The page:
Posted by StreetWise in Magazine Articles
The shoe is on the other foot for Jackie Edens, but she can still feel other people’s pain.
Edens directed the City of Chicago’s homeless services from 1989 to 1998 and now she is executive director of the Inner Voice. The nonprofit has two of over 20 programs (some new but mostly renewals of existing programs) jeopardized by a $3.6 million shortfall in this year’s federal funding for Chicago’s Plan 2.0 to End Homelessness, which was announced March 13.
“Where is the outcry?” Edens asked. “Where is the advocacy? Where are the people marching around city hall?”
Chicago’s Plan 2.0 to End Homelessness, like its predecessor plan of 10 years, received $49 million this year although it has received as much as $54 million in years past from the U.S. Department of Housing and Urban Development (HUD). This year, HUD anticipated $200 million more in requests for homeless funding from communities across the nation than its revenue for them.
As a result, HUD asked all local Continuums of Care to rank their myriad programs; Tier 1 would be assured of funding while Tier 2 “may be at risk of not being renewed,” according to a January letter from the Chicago Alliance to End Homelessness, which jointly administers Chicago’s Plan 2.0 with the City of Chicago Department of Family and Support Services (DFSS).
HUD will fund all Tier 1 projects across the country before funding Tier 2 projects. This second round of money – possibly announced next month – will go to successive locales whose applications score highest nationally.
Funding was renewed for 155 Chicago programs in Tier 1, among 183 overall, according to Emergency Fund Director Kathleen Molnar, speaking for the Chicago Alliance.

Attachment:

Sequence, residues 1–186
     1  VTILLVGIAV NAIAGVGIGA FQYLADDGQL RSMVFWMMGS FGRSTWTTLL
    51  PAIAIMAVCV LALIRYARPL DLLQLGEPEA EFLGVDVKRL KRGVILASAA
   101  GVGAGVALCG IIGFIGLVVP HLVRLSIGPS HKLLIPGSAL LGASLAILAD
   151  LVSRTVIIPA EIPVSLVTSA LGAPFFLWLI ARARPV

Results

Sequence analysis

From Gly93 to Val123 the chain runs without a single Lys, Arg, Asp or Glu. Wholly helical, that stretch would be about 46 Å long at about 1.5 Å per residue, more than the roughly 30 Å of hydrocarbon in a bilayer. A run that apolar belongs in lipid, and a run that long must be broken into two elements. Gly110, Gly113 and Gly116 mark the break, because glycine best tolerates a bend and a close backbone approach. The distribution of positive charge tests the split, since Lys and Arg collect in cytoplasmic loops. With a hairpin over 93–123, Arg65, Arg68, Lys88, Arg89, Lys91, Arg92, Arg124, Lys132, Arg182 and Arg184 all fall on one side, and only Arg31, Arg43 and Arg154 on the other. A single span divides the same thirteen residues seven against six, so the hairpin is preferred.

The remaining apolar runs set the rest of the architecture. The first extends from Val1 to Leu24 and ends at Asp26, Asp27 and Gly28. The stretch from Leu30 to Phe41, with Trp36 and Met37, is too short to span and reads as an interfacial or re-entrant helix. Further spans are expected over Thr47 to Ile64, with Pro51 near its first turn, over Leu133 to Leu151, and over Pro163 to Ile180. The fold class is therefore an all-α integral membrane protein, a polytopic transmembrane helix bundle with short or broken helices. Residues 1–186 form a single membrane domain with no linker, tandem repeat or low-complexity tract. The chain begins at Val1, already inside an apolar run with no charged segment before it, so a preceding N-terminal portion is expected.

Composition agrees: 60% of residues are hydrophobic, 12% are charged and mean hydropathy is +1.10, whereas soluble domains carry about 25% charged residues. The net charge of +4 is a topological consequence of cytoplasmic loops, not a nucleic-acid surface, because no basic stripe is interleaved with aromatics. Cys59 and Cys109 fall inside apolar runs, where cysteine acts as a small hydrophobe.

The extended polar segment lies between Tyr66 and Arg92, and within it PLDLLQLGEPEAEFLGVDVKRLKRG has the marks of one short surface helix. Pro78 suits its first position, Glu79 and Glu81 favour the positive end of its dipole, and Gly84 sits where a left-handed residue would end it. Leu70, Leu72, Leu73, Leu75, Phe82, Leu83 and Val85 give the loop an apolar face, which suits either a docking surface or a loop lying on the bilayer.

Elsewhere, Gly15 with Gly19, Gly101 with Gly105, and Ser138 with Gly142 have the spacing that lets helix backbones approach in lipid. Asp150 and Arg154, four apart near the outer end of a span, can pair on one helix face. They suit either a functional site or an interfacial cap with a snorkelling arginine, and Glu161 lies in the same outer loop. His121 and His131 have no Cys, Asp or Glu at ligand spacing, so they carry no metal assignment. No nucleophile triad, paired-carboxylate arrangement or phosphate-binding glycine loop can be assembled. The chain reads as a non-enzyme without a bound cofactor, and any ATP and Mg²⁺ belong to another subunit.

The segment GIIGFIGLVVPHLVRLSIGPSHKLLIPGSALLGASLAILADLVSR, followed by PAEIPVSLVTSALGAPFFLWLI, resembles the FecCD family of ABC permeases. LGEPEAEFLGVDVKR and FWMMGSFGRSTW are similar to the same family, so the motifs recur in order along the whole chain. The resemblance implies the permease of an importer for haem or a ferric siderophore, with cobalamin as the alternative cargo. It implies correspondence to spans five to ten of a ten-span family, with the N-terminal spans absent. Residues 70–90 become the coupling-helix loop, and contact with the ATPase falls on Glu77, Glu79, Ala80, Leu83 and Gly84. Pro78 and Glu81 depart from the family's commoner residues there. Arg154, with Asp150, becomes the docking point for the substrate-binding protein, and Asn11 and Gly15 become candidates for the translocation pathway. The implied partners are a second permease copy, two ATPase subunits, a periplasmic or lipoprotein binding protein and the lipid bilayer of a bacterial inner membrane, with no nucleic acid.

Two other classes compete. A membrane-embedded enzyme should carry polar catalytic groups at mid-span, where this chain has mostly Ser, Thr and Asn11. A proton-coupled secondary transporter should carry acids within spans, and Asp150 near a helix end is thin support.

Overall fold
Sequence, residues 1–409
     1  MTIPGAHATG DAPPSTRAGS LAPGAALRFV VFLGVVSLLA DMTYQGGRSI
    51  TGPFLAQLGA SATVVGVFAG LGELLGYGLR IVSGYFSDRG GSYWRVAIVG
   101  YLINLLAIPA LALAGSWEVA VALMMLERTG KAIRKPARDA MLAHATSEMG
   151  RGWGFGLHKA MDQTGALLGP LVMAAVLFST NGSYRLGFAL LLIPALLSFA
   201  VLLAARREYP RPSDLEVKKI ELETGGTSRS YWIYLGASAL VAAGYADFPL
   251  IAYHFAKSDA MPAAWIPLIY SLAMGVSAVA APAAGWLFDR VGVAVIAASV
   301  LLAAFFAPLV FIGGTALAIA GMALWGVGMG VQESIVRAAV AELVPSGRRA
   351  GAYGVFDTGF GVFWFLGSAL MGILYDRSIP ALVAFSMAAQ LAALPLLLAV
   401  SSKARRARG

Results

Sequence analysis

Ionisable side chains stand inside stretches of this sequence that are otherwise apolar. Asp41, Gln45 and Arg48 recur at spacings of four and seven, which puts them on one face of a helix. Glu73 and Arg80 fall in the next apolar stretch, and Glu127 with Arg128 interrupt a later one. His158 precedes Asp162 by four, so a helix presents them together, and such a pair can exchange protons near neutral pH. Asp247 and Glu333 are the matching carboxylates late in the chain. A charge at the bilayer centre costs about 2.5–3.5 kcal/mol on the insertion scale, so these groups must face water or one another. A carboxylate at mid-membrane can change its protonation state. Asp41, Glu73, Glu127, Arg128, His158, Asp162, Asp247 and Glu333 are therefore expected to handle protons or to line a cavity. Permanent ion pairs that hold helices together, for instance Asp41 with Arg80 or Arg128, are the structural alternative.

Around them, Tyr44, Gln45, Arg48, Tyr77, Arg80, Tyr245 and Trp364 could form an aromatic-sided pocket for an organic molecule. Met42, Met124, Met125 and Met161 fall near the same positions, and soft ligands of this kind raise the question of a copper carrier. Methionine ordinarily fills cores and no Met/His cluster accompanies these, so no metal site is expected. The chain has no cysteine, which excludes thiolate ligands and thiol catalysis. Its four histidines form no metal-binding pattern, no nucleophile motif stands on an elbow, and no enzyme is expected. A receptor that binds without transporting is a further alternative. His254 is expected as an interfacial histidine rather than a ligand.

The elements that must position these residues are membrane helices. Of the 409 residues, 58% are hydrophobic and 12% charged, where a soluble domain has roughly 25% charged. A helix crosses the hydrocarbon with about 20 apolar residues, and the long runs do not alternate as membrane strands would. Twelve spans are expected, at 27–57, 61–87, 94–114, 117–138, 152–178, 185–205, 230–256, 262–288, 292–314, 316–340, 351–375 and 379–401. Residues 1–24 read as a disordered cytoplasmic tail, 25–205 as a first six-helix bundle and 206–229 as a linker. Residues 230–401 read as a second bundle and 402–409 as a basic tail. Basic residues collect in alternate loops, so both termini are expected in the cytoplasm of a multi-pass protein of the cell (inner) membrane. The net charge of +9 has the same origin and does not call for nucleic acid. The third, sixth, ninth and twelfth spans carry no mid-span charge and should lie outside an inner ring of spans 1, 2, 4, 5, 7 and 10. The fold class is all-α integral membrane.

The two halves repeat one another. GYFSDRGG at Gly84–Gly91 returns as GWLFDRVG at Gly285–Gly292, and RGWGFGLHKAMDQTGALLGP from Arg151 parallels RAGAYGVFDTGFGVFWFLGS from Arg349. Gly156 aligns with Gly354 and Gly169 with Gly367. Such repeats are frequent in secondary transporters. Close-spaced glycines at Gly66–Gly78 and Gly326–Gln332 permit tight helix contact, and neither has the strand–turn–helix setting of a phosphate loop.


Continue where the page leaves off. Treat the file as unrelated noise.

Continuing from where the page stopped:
“Since we don’t know about the new projects (and 1 was intentionally ranked at the bottom of Tier 1) I’m hesitant to say exactly where the funding line was/is,” she wrote in an email. New projects encompassed a central referral system for putting people into housing, expansion of the Homeless Management Information System and a CoC planning project.
Molnar also described the Chicago Planning Council’s methodology.
“Projects were ranked/prioritized according to an average of the last 3 years of Evaluation Instrument scores (because we did not anticipate having to rank projects, one of the CoC Committees was revising the instrument so only an abbreviated version was used); the priorities of Plan 2.0, balancing geographical impact, and project type (for example, if all of one project type such as supportive services had ranked the lowest in scoring, shifts would have been made so the system was not left without any of those necessary services).”
The $49 million in renewals announced March 13 includes $2.3 million for four DFSS projects and $1.72 million for Catholic Charities’ New Hope Apartments, which offer housing and intensive case management for homeless families with children under 18.
Among other assured Tier 1 line items are:
Six programs of Housing Opportunities for Women (HOW) at $1.99 million overall;
Four Thresholds programs at a total of $1.29 million;
$461,490 for A Safe Haven’s Shelter Plus Care program; S+C programs provide rental assistance for hard-to-serve homeless populations with disabilities such as serious mental illness, chronic substance abuse or AIDS.
$276,894 for Heartland Health Outreach North Side and $207,766 for its S+C II program.
However, Inner Voice has two programs at No. 169 and 170 in Tier 2 (along with three other programs assured funding in Tier 1).